WetPaint, a popular hosted Wiki solution, announced this week that they are to provide person-to-person and private messaging between users of their Wiki network. This means that Wetpaint Wiki users can now send single or multi-person private messages, to connect and collaborate with others about their interests. On reading this news, it got me thinking about Wikis - or more to the point, who is using them and for what purpose. Firstly, I'll briefly describe wikis and then we'll explore the range of wiki products in the market right now.
What is a Wiki and where did they come from?
A Wiki can be described as a website that allows visitors to add, remove, edit and change its content. The invention of the Wiki is credited to a guy called Ward Cunningham, who in 1994 developed a site called WikiWikiWeb. It was/is a place to collect information on people, projects and patterns in software development.
What can a Wiki be used for?
The most successful Wiki to date is the all encompassing, encyclopedic mammoth that is Wikipedia. We all know it, most of us love it (some of us don't) - but the fact remains it is one of the most visited destinations on the web. I did some looking around for other big Wikis and have come up with a few examples:
Wiki Travel is a project "to create an open content, complete, up-to-date, and reliable world-wide travel guide". I looked up my home town in Ireland and found very up to date information on all that the town had to offer. If you are about to travel somewhere, it's worth dropping in on this site first.
CookBookWiki is a cooking wiki with over 30,000 recipes and cooking related articles. Their mission is to document every culinary tradition of the world.
Memory Alpha is a wiki that gathers information on the fictional universe of Star Trek! The shear volume of Star Trek related information on this site is unfathomable. The English version of the site has over 24,000 articles - with a lot of those available in 13 different languages. If I was a Star Trek fan, I would think it was pretty damn cool.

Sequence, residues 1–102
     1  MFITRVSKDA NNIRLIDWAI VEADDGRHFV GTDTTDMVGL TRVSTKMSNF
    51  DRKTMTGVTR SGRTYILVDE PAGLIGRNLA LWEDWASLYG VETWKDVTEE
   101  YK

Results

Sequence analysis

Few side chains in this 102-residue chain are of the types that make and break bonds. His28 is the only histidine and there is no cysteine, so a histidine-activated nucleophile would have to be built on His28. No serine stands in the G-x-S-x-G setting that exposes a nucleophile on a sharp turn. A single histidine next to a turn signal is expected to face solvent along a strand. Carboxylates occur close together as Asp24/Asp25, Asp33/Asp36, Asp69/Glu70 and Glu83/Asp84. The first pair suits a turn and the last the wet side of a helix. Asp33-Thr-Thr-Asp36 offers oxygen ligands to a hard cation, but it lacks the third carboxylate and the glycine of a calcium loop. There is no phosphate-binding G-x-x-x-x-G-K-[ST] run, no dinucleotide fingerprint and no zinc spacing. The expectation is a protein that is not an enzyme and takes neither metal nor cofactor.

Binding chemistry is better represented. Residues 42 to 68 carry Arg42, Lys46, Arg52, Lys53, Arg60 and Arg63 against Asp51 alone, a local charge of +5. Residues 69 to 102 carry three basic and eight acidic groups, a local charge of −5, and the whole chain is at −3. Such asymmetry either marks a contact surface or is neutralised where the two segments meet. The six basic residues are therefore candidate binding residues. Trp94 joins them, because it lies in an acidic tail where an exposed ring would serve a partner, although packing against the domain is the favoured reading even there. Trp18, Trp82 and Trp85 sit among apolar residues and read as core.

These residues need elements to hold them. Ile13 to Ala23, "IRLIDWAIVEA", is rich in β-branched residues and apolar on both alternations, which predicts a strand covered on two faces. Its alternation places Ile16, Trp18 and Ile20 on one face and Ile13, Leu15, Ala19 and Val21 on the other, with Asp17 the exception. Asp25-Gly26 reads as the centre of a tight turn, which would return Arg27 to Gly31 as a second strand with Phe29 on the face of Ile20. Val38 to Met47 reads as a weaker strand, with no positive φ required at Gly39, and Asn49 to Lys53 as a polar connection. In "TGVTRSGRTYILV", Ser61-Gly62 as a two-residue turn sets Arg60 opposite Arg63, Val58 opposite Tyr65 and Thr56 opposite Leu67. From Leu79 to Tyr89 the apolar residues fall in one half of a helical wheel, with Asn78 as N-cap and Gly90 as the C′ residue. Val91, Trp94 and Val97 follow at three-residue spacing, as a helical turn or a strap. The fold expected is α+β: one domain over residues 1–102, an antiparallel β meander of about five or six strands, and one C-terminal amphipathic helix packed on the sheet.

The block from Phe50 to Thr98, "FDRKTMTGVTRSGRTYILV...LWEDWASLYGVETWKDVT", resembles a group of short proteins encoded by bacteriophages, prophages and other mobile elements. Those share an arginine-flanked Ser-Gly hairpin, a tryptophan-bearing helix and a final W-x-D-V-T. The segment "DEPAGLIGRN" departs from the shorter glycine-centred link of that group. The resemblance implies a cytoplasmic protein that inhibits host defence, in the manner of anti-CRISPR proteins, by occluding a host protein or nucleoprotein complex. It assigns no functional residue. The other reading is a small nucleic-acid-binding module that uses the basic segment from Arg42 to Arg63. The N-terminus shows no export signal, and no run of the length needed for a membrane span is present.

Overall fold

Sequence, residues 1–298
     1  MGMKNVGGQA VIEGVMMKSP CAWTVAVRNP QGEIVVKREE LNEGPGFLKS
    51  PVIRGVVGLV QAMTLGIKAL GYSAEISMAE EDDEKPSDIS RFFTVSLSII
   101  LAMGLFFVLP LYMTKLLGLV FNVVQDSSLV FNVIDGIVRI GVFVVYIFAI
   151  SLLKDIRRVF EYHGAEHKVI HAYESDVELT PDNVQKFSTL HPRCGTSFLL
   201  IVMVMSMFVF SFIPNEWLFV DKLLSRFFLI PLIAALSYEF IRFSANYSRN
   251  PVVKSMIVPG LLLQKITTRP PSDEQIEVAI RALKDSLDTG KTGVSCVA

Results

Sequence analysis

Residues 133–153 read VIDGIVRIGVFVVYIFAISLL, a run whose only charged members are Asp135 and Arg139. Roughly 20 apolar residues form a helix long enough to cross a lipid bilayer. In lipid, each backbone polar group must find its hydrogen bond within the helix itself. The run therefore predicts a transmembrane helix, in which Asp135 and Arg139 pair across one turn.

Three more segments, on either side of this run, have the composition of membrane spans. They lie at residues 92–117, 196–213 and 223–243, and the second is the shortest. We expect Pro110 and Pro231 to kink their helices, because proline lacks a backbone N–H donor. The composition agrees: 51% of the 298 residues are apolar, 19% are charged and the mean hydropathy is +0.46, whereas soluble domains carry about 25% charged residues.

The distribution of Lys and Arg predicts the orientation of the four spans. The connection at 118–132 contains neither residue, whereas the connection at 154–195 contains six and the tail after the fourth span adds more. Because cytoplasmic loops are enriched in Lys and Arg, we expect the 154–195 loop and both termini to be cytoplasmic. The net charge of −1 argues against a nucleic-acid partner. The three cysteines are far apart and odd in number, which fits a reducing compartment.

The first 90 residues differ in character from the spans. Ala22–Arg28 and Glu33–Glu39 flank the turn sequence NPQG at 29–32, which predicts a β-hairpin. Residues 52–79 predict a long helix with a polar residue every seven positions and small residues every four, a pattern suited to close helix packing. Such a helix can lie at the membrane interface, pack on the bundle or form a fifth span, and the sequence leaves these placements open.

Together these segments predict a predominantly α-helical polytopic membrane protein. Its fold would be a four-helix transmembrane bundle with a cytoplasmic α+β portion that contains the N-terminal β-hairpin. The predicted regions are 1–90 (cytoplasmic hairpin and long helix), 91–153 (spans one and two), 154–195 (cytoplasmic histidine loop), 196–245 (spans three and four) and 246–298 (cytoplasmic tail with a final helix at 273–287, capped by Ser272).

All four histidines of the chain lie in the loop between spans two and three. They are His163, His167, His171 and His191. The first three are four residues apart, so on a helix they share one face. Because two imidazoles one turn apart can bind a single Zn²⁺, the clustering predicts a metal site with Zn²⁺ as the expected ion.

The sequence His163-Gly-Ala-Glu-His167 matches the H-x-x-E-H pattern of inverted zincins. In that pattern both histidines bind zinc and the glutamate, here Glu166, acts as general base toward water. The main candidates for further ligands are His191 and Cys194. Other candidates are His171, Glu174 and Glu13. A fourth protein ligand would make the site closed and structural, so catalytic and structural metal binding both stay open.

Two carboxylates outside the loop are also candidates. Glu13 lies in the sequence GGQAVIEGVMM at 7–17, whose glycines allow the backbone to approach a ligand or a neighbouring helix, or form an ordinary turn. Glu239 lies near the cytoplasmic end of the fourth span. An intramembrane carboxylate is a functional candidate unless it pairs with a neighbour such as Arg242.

A good source of what other Wikis there are out there, can be found at WikiIndex - which is essentially a Wiki about Wikis!
The weird and wonderful Wiki of Memory Alpha
What can I use a Wiki for?
Ok so up to now we have seen some examples of Wikis in use in the real world, but what benefit can a Wiki be to you as an individual or a company? Many wikis in use today are private and outside of the public eye. More and more companies are using a Wiki as collaborative software. They are a great way to maintain internal documentation; all of your staff can contribute and edit documents as need be. A Wiki could even be used to replace large chunks of your otherwise static intranet.
For example, in the company where I work we have discussed using a Wiki to build up a collection of support documentation for the software we build. At the moment we just have a pile of static articles that are updated from time to time by a handful of people in the company. If we were to use a Wiki, anyone in our office could easily edit these articles regularly and therefore keep a far more up to date store of information.
On an individual level, WetPaint (for example) is used by people to build Wikis on just everything. Current examples include wikis on smart phones, dogs, Celtic FC, Q phones, book lists, XBox 360, cancer, and Lost. So if you have got something you are passionate about and want to build up a publicly accessible and editable resource, then WetPaint just might be the solution for you.